“Everyone is kind of slowed down,” Barragan says. And for students, the slowdown hampers their ability to study and do homework: “A lot of it is online and that impacts them.”
A year ago, Barragan officially received the task of figuring out how the tribe could better access the internet. He wasn’t an expert — he knew how to turn a router on and off, and that was enough.
“It’s been a huge learning curve,” he says. “They send me to a lot of little workshops, but it’s mostly self-taught.”
But it was necessary learning. Improved access was long overdue: As is the case for many rural tribes, people living on the Hoh reservation have long dealt with particularly slow internet. Lacking internet access negatively impacts not only the operation of tribal administration, but also emergency preparedness, the ability of Native students to do school work online and even access to job opportunities.
And like many other seaside tribes on the Olympic Peninsula, the Hoh Indian Tribe is also in the process of relocating homes on the reservation to higher ground, as many are currently situated in a flood zone. As the tribe readies itself for the move and expansions alongside it, Barragan says residents need reliable internet now more than ever. Without it, Barragan says, it’s harder for the tribe to be independent.
“If we’re planning on growing ourselves, we need better internet for that,” he says.
For small tribes without a team of internet experts and money to back large projects, improving access can be both difficult and expensive. So when Barragan heard of the Federal Communication Commission’s (FCC) tribal priority window for unassigned 2.5GHz spectrum over tribal lands, he realized the tribe had a unique opportunity for change.
The priority window was created, in part, because of the FCC’s “Bridging the Digital Divide” initiative, which seeks to expand high-speed internet access — also known as broadband — to communities where it’s lacking or nonexistent. These communities are often in rural areas, and the FCC’s website says barely 60% of people have access on tribal lands.
The window opened Feb. 3 and closes Aug. 3. While any federally recognized tribe or Alaska Native village with a population of fewer than 50,000 can apply for free, they must also have plans in place that would enable them to provide high-speed internet coverage to 80% of their population five years after the license is granted.
Generally speaking, spectrum refers to the radio frequencies that carry wireless signals. That includes the frequencies that carry television, broadcast radio and the internet. This window allows tribes to apply for a spectrum frequency that was reserved for educational institutions in the 1970s.
That educational set-aside was made before the development of the internet. MuralNet Chief Executive Officer Mariel Triggs, who works with tribes to build broadband internet infrastructure on reservations, says the frequency is perfect for accessing the internet now, especially in rural areas. It’s particularly good for wireless broadband services and is relatively low frequency, which means that infrastructure costs are lower. The frequency is also good for carrying signals through densely wooded areas, which tends to match the environment of many rural tribes in Washington.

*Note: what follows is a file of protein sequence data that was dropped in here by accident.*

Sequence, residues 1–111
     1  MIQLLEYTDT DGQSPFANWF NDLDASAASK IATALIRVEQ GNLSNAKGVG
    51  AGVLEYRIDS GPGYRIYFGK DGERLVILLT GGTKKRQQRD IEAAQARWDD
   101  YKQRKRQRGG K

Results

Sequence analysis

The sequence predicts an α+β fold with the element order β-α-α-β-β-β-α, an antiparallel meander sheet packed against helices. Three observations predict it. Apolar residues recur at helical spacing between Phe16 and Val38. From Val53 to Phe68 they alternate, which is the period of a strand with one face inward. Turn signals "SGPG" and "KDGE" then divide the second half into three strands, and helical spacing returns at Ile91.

“It’s a Goldilocks balance of distance traveled and what it can carry — it can go pretty far and sustain many households,” Triggs says.
Even before the tribal internet window opened, the FCC and organizations like MuralNet have worked to inform tribes across the country of the opportunity. Triggs says it’s a joint effort with the FCC that makes this outreach possible, especially for tribes with fewer resources. Once the window closes, applications for the spectrum will be open to the public, so she says it’s important that tribes know about the opportunity as soon as possible.
“A lot of the workshops that have been done by the FCC [are] at national conventions or regional conventions,” Triggs says. “That’s wonderful, but if I’m in Bristol Bay, Alaska, going to Washington, D.C., is actually quite expensive and quite a lot of time.”
For the Makah Tribe on the peninsula, the work boosting access to the internet began in 2014. Crystal Hottowe, a grant writer with the Makah Tribe, supervised the construction of a wireless network for Makah tribal businesses and schools. Before that, she says the lack of internet access forced the tribe to send students to take statewide tests at a school off the reservation. That school, which had a broadband link, was a 40-minute ride away.
Better internet may also mean better emergency preparedness for tribes. Damon Day, chief information officer of the Confederated Tribes of the Colville Reservation in north-central Washington, says internet access is severely lacking among households on the reservation. This was particularly problematic during the summer wildfires that have plagued the tribe in recent years.
“I’ve talked to firefighters who say they could yell at each other and hear better than radios work because of the trees surrounding them,” Day says. “With this signal, it can get through the vegetation — it’ll be better access to the areas they’re fighting in.”
Day says that regardless of a tribe’s plan for the spectrum, applying should be a given.
“It’s sovereignty,” Day says. “For us to have control over the spectrum would be huge. Airwaves over reservations are a resource that tribes should own.”
Barragan agrees. Although he’s still familiarizing himself with spectrum and what building an infrastructure for his tribe would look like, he sees opportunities like these as a chance to push the tribe forward while it continues to grow.
“We’re a sovereign nation,” he says. “We want to be able to provide a basic standard for our community.”